A transparency expert is criticizing Nova Scotia’s decision to redact large portions of a fire marshal’s report on a fire that killed four young children in Pubnico Head, N.S., earlier this year.
The full report, obtained by Global News under Nova Scotia’s Freedom of Information Act, is heavily redacted, with descriptions of interviews, sections of analysis and large portions of how the fire marshal’s office concluded that the fire was an accident being removed from the report. Transparency advocates say it’s part of a troubling trend across Canada.
“We have to go with the ‘father knows best approach,’ that oh well, they must have done their due dilligence and they must have followed proper procedure, but we have no way of verifying that’s the case.”
The documents in the report paint a dramatic — if very limited — picture of the fire that swept through the Pubnico Head home on Jan. 7.
According to Ron Thibeau, a fire marshal investigator, an unknown failure in the venting system of the home’s wood stove caused a fire to occur, which spread in the area and then quickly to the remainder of the structure.
Emma Kennedy and her common-law partner Phil Prouty escaped the fire, but Jayla Kennedy, 4, Mya Prouty, 7, four-month-old Winston Prouty and Mason Grant, 7, a cousin who was visiting for a sleepover, died.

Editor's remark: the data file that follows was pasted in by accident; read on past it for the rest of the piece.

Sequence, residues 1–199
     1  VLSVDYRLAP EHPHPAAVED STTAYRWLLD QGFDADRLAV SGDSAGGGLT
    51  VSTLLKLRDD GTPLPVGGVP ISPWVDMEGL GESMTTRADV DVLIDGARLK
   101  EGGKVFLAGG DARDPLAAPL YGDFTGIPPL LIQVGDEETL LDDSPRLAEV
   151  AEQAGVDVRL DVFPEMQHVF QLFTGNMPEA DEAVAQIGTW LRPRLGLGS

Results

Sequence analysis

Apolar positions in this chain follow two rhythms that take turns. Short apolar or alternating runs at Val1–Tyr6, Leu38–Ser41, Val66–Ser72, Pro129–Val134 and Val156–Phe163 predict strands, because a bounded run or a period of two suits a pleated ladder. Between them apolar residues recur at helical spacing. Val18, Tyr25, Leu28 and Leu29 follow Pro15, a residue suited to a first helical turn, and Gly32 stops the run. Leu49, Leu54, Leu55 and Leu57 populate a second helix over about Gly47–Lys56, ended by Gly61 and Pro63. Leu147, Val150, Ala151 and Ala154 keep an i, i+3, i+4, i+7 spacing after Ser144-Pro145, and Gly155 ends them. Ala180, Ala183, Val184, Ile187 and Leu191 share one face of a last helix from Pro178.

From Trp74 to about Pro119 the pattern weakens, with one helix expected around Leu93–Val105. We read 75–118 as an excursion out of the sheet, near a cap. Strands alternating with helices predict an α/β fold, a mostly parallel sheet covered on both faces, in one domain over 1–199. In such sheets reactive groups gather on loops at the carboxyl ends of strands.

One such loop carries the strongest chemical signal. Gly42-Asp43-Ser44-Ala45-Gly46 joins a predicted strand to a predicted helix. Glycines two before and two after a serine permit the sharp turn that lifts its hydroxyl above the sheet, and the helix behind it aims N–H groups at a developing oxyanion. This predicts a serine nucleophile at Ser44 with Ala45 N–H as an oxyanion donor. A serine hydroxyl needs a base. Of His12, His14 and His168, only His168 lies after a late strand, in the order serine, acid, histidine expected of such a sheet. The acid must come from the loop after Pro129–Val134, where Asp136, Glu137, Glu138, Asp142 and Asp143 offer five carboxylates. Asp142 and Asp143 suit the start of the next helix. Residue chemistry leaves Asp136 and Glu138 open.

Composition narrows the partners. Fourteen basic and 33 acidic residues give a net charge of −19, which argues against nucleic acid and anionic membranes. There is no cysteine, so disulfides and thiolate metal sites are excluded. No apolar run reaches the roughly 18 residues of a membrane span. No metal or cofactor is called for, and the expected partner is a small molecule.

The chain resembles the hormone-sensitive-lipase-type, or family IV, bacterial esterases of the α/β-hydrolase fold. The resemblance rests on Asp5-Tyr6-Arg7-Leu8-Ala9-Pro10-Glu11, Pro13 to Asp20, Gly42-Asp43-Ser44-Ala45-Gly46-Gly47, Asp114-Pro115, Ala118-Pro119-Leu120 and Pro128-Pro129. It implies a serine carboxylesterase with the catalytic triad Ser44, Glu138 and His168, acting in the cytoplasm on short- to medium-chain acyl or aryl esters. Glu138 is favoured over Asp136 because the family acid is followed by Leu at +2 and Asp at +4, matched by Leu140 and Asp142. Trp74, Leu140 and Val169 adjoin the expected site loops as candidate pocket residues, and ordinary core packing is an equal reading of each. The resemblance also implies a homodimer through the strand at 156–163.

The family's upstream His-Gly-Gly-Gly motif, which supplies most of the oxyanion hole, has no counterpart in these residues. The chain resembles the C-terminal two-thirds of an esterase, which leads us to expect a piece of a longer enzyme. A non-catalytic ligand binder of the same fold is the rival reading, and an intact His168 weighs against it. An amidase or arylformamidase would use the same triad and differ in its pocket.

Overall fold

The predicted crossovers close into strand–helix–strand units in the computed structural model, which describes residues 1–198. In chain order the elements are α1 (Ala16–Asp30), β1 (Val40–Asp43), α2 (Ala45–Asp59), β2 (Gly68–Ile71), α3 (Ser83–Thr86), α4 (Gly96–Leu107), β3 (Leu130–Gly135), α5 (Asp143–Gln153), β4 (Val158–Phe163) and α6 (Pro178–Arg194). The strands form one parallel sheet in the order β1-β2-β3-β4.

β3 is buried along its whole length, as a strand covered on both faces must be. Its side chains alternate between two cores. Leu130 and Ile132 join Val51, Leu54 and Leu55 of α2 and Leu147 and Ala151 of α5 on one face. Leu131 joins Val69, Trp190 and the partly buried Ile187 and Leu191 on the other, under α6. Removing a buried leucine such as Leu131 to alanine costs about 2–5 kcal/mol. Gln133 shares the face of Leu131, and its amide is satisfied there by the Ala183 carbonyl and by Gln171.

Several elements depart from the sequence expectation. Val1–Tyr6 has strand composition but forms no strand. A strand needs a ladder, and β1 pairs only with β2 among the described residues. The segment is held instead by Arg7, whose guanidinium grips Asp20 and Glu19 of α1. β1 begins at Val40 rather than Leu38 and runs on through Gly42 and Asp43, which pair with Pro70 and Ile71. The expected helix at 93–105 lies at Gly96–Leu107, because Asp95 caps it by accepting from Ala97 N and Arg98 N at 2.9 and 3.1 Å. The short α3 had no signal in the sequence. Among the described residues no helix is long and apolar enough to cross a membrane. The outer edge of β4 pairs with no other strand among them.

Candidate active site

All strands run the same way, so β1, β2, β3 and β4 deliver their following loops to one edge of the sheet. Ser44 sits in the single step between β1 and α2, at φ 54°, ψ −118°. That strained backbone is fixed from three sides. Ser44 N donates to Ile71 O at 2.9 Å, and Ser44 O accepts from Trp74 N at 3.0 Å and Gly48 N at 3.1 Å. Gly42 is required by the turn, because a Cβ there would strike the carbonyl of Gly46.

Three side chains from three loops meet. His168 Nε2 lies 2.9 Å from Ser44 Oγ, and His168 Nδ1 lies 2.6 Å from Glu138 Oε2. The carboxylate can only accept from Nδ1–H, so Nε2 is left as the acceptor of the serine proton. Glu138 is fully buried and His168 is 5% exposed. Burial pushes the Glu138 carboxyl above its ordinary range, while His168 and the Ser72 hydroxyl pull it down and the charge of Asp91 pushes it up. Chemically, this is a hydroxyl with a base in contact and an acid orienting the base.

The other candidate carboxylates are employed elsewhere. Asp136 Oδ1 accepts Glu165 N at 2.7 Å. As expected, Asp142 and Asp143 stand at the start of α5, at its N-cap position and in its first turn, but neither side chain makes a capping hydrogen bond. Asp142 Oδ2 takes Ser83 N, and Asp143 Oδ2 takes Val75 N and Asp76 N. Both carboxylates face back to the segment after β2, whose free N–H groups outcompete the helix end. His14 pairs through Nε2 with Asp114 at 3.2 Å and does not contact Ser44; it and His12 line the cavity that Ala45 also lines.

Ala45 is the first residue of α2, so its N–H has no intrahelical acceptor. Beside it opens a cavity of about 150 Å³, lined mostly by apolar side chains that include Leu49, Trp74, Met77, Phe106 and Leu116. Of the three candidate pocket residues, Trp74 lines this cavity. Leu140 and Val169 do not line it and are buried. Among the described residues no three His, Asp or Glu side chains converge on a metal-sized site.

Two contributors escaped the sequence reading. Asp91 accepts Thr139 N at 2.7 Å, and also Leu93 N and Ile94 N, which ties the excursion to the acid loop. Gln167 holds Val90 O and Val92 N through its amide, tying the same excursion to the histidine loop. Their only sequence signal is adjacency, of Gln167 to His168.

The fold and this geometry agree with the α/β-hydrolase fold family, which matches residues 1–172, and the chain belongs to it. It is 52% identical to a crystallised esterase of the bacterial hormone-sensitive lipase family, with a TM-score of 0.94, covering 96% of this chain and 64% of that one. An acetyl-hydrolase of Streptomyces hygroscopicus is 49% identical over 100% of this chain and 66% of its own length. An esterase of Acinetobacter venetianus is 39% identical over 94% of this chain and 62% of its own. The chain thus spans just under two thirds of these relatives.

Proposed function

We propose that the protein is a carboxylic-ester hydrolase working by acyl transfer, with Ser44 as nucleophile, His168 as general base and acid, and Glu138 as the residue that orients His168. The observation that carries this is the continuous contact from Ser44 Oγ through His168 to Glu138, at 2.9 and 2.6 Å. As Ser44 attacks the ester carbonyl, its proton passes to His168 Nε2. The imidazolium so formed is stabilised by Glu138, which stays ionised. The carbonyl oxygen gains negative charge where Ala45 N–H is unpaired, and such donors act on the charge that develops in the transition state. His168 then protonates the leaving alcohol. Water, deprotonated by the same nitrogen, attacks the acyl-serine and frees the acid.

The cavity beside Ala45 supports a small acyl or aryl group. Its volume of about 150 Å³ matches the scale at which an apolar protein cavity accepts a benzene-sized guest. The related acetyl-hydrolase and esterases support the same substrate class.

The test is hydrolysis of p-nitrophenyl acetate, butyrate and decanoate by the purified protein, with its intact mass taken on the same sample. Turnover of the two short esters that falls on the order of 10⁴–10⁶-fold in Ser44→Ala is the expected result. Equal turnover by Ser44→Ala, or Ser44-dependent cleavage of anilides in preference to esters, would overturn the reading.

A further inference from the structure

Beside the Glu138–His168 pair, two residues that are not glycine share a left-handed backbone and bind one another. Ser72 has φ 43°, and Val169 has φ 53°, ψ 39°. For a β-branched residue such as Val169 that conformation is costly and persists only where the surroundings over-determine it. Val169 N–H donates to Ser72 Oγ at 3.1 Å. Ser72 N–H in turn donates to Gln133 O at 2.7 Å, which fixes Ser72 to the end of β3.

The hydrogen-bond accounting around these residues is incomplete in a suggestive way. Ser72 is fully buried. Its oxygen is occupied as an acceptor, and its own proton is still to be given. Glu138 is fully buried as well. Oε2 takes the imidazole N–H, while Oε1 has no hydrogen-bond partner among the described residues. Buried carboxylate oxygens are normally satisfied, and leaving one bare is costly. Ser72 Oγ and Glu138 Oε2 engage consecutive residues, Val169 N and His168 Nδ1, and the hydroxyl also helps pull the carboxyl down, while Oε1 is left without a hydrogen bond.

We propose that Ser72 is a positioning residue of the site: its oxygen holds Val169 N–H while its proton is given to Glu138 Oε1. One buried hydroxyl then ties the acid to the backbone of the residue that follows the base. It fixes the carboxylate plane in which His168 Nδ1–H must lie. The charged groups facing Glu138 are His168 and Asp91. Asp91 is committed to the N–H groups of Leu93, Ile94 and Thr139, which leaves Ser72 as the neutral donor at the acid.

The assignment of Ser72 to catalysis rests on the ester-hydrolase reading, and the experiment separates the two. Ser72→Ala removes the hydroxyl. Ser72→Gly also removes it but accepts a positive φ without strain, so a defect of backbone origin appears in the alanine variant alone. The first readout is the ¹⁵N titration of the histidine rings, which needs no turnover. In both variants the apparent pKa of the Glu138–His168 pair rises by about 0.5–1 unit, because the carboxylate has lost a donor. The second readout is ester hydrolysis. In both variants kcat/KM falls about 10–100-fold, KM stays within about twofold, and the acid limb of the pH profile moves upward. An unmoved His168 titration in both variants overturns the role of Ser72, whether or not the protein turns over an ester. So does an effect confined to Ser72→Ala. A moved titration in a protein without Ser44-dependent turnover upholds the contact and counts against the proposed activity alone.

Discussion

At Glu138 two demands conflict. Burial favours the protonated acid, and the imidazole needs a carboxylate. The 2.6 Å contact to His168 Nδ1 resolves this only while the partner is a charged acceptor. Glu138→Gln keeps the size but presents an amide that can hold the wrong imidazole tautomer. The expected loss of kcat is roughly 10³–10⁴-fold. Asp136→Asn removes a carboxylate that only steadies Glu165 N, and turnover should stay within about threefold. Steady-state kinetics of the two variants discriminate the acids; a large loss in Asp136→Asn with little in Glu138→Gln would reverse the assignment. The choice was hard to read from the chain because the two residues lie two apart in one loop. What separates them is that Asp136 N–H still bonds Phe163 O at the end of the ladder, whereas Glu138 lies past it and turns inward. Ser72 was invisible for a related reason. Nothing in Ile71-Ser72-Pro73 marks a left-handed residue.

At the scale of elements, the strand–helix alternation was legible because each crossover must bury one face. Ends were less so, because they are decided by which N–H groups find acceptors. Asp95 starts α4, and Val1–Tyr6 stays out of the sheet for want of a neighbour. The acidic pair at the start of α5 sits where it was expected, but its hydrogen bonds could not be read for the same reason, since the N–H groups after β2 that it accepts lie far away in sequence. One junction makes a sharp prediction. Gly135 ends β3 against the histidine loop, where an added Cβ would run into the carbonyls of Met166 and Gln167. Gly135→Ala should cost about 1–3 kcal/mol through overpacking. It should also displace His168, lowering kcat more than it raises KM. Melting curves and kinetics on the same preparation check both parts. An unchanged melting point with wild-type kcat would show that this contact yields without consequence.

The province had initially refused to release the cause of the fatal fire, although it eventually reversed course and released the information.
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The full report released to Global News cites two exemptions in Nova Scotia’s Freedom of Information and Protection of Privacy Act that allows information to be redacted.
One is for privacy, which is used to redact people’s names, but in this case also for the report’s analysis of its conclusions and all of the information obtained in interviews. The second exemption is for when information could threaten someone else’s “safety or mental or physical health”, and was used to redact descriptions of the photographs taken by investigators.
Both the Office of the Fire Marshal and Nova Scotia’s Information and Privacy Office agreed on the use of the mental or physical health provision when redacting the document.
“As you are aware this was a very traumatic ordeal for the families involved, having even the descriptions of the photos released could result in considerable disturbance to the mental and physical well-being of the families,” wrote a representative of the province’s information and privacy office when questioned why it was used.
Holman said that the explanation makes sense and that they are using the legislation as it is, but that it comes at the cost of holding government accountable.
Holman says that the ability to understand the report and verify the conclusions reached by investigators is put at risk when documents are heavily redacted.
“You have to rely on the fire marshal’s word and that’s not how democracy is supposed to work,” he said.
“That’s what is troubling to me.”